“Our primary focus”, explains Associate Professor Tautolo, “was to engage and develop a co-researcher relationship with our Pacific older people, to ensure that our project identified and addressed the issues which were directly relevant for them.”
The grandparents’ health priorities were somewhat unexpected. After much discussion, they wanted to focus on two, achievable areas: foot health and digital literacy. Researchers set about supporting the participants to find ways to address these issues.
The team created a “podiatry assessment action plan”, Associate Professor Tautolo notes, which was tailored individually to all the different ethnic groups. “We came up with a foot screening and maintenance programme which was supported by Auckland University of Technology’s Podiatry Department and delivered to the different Pacific ethnic groups within their community settings.” The study found that this focus on foot care “improved mobility, independence and reduced the likelihood of going to hospital.”
Providing the care within the Pacific community proved critical, something the participants advocated for strongly. As Associate Professor Tautolo explains, it “allowed them to be more in control and familiar with the location – and also gave the podiatry staff and students who were part of the initiative, some valuable experience engaging Pacific people within a community setting.” A win-win situation.
High demand for podiatry assessments suggests that folding a podiatry check into outpatient healthcare assessments in ethnic-specific community settings could be an effective way to head off more serious complications, Associate Professor Tautolo argues. Older Pacific people appear at a higher risk of feet and lower limb health issues. So this small change could make a big impact to improving their overall health.
Getting to grips with digital technology was also important to the Pacific grandparents. Associate Professor Tautolo’s team worked with a local public library in South Auckland to design sessions that allowed the participants to get support and guidance to harness the benefits of computers and software. Staying connected and learning how to access creditable information safely were integral to this guidance.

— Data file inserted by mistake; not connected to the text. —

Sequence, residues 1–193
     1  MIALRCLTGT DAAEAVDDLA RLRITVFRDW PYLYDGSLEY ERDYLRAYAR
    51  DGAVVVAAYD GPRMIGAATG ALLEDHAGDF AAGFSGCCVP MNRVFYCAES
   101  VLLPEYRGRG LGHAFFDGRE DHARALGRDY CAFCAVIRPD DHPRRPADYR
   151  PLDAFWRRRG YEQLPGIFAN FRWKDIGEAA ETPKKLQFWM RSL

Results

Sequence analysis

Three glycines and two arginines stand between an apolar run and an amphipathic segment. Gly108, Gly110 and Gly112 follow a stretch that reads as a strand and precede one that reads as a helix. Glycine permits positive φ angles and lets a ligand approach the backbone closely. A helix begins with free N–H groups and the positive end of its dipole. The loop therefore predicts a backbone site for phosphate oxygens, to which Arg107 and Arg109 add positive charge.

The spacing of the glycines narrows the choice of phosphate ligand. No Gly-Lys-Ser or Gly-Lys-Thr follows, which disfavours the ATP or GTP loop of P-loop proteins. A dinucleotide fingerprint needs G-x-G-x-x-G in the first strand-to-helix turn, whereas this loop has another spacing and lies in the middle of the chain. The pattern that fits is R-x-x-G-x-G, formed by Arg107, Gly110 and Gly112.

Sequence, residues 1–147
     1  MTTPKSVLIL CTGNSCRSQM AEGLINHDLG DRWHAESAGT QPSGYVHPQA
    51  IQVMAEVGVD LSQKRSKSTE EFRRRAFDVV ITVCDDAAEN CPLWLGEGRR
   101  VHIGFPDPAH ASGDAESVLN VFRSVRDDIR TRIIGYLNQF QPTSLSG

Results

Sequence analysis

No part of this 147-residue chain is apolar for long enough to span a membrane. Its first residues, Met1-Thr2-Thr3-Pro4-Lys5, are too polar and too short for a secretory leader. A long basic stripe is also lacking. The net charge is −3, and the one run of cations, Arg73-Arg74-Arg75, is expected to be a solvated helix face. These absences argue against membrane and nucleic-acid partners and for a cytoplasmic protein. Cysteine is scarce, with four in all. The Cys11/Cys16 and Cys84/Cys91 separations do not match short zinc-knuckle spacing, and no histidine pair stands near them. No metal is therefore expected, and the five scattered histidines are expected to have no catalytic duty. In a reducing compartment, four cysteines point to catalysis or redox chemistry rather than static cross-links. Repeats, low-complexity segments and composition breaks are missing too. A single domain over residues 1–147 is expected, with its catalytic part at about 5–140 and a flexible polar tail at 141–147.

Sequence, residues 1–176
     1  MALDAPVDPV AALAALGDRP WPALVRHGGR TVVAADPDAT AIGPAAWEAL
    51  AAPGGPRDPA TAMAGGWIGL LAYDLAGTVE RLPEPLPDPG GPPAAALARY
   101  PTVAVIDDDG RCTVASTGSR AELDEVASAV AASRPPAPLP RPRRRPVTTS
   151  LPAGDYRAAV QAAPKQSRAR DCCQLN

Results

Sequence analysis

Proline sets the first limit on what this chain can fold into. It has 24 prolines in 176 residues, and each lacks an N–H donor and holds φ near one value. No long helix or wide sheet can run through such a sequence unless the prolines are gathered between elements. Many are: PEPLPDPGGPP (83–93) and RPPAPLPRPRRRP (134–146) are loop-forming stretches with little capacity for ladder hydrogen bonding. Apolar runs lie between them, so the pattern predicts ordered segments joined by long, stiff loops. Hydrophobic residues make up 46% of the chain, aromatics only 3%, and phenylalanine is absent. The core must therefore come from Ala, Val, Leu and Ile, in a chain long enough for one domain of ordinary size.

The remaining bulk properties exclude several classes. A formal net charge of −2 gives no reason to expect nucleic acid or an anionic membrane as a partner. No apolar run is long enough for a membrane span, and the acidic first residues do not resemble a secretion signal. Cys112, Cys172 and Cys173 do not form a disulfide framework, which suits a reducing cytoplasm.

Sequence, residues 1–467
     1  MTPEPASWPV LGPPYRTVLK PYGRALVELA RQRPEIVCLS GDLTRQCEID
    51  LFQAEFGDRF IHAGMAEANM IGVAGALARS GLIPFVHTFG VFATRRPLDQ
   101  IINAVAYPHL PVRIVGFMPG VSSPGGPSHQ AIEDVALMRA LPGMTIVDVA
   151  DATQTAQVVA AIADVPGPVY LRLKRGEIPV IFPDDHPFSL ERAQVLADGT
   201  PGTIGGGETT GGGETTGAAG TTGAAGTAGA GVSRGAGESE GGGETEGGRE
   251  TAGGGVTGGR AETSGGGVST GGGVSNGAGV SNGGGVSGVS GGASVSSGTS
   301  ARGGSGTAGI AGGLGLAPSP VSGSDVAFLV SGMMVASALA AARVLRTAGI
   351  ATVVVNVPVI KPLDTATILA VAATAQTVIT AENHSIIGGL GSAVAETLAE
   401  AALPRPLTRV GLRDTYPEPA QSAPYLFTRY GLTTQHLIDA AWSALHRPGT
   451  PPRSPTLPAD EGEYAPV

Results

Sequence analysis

Associate Professor Tautolo’s team co-designed questions and conducted research with Pacific families and their communities in culturally appropriate ways to enhance health outcomes.
All of the grandparent-co-researchers were “very happy with the project” and the way their involvement refined and improved services that existed within the community for older Pacific peoples. Several participants spoke of the “empowerment” and “sense of value” that involvement in the project inspired in them. This was achieved because of the participatory nature of the project and would not have occurred in a “more traditional” research study, Associate Professor Tautolo explains.
The lessons from the study have been spread far and wide, and in unconventional ways. During Fijian language week, the research team released a video, narrated in Fijian with English subtitles, summarising the study findings. Associate Professor Tautolo also addressed over 250 stakeholders at the Pasifika Medical Association Conference in Auckland in 2018, and at the International Association for Gerontology and Geriatrics Asia Oceania meeting in Taiwan in 2019.
The Study’s collaborative nature has important ramifications for future New Zealand research, especially with minority groups. Associate Professor Tautolo’s and their community of participants demonstrate the benefits of collaborative research partnerships, especially among a population that is often isolated and unheard. Associate Professor Tautolo’s team co-designed questions and conducted research with Pacific families and their communities in culturally appropriate ways to enhance health outcomes.
Make no doubt about it: Pacific Island grandparents participated in, and co-led, this study. It was their research, their results. It is no wonder that the outcomes were so positive.
Watch Dr Tautolo’s presentation, “Charting the life course of Pacific families” at He Ora Te Whakapiri symposium in 2018: